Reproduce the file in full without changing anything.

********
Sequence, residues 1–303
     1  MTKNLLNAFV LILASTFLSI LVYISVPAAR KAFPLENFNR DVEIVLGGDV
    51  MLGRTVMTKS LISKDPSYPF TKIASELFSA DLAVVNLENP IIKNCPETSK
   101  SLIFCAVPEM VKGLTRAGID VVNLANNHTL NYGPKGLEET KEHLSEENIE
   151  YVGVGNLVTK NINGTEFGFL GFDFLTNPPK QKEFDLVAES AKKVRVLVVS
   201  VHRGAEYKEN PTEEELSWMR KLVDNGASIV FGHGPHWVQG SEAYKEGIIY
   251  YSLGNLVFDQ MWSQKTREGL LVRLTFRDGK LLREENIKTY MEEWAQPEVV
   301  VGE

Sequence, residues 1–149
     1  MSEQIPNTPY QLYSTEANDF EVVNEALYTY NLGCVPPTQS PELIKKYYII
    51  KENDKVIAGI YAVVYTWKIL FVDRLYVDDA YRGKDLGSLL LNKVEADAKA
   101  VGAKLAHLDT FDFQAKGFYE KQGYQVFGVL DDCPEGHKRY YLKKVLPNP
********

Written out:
Sequence, residues 1–303
     1  MTKNLLNAFV LILASTFLSI LVYISVPAAR KAFPLENFNR DVEIVLGGDV
    51  MLGRTVMTKS LISKDPSYPF TKIASELFSA DLAVVNLENP IIKNCPETSK
   101  SLIFCAVPEM VKGLTRAGID VVNLANNHTL NYGPKGLEET KEHLSEENIE
   151  YVGVGNLVTK NINGTEFGFL GFDFLTNPPK QKEFDLVAES AKKVRVLVVS
   201  VHRGAEYKEN PTEEELSWMR KLVDNGASIV FGHGPHWVQG SEAYKEGIIY
   251  YSLGNLVFDQ MWSQKTREGL LVRLTFRDGK LLREENIKTY MEEWAQPEVV
   301  VGE

Sequence, residues 1–149
     1  MSEQIPNTPY QLYSTEANDF EVVNEALYTY NLGCVPPTQS PELIKKYYII
    51  KENDKVIAGI YAVVYTWKIL FVDRLYVDDA YRGKDLGSLL LNKVEADAKA
   101  VGAKLAHLDT FDFQAKGFYE KQGYQVFGVL DDCPEGHKRY YLKKVLPNP